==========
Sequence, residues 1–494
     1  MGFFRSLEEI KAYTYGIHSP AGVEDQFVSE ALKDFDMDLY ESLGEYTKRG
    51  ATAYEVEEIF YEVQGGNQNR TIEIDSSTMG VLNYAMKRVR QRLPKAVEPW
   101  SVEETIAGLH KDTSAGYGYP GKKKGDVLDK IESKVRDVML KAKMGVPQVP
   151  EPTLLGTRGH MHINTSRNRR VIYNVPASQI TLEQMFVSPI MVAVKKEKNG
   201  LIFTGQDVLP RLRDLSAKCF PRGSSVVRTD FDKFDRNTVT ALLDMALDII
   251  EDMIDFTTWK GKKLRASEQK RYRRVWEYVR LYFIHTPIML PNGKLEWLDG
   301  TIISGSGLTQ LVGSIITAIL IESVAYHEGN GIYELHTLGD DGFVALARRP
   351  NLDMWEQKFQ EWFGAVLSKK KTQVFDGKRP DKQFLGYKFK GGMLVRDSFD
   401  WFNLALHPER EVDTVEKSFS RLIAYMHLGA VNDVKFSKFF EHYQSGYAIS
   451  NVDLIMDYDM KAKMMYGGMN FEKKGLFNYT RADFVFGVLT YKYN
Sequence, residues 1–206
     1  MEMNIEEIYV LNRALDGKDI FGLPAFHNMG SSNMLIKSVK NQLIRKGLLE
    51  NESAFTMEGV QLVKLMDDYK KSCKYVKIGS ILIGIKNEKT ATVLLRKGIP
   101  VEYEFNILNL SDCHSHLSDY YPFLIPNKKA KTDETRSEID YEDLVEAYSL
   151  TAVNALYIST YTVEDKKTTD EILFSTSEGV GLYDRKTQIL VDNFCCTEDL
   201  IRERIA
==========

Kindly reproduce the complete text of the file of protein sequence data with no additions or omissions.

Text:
Sequence, residues 1–494
     1  MGFFRSLEEI KAYTYGIHSP AGVEDQFVSE ALKDFDMDLY ESLGEYTKRG
    51  ATAYEVEEIF YEVQGGNQNR TIEIDSSTMG VLNYAMKRVR QRLPKAVEPW
   101  SVEETIAGLH KDTSAGYGYP GKKKGDVLDK IESKVRDVML KAKMGVPQVP
   151  EPTLLGTRGH MHINTSRNRR VIYNVPASQI TLEQMFVSPI MVAVKKEKNG
   201  LIFTGQDVLP RLRDLSAKCF PRGSSVVRTD FDKFDRNTVT ALLDMALDII
   251  EDMIDFTTWK GKKLRASEQK RYRRVWEYVR LYFIHTPIML PNGKLEWLDG
   301  TIISGSGLTQ LVGSIITAIL IESVAYHEGN GIYELHTLGD DGFVALARRP
   351  NLDMWEQKFQ EWFGAVLSKK KTQVFDGKRP DKQFLGYKFK GGMLVRDSFD
   401  WFNLALHPER EVDTVEKSFS RLIAYMHLGA VNDVKFSKFF EHYQSGYAIS
   451  NVDLIMDYDM KAKMMYGGMN FEKKGLFNYT RADFVFGVLT YKYN
Sequence, residues 1–206
     1  MEMNIEEIYV LNRALDGKDI FGLPAFHNMG SSNMLIKSVK NQLIRKGLLE
    51  NESAFTMEGV QLVKLMDDYK KSCKYVKIGS ILIGIKNEKT ATVLLRKGIP
   101  VEYEFNILNL SDCHSHLSDY YPFLIPNKKA KTDETRSEID YEDLVEAYSL
   151  TAVNALYIST YTVEDKKTTD EILFSTSEGV GLYDRKTQIL VDNFCCTEDL
   201  IRERIA